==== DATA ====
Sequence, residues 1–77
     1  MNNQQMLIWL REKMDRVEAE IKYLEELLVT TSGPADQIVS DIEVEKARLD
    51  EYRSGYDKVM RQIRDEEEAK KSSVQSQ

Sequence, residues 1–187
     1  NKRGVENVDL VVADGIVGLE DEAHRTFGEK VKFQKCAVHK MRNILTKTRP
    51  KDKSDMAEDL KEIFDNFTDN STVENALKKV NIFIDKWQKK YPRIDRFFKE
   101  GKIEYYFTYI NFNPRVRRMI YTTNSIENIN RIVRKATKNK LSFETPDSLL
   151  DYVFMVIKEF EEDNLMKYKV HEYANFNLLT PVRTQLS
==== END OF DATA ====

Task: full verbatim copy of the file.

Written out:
Sequence, residues 1–77
     1  MNNQQMLIWL REKMDRVEAE IKYLEELLVT TSGPADQIVS DIEVEKARLD
    51  EYRSGYDKVM RQIRDEEEAK KSSVQSQ

Sequence, residues 1–187
     1  NKRGVENVDL VVADGIVGLE DEAHRTFGEK VKFQKCAVHK MRNILTKTRP
    51  KDKSDMAEDL KEIFDNFTDN STVENALKKV NIFIDKWQKK YPRIDRFFKE
   101  GKIEYYFTYI NFNPRVRRMI YTTNSIENIN RIVRKATKNK LSFETPDSLL
   151  DYVFMVIKEF EEDNLMKYKV HEYANFNLLT PVRTQLS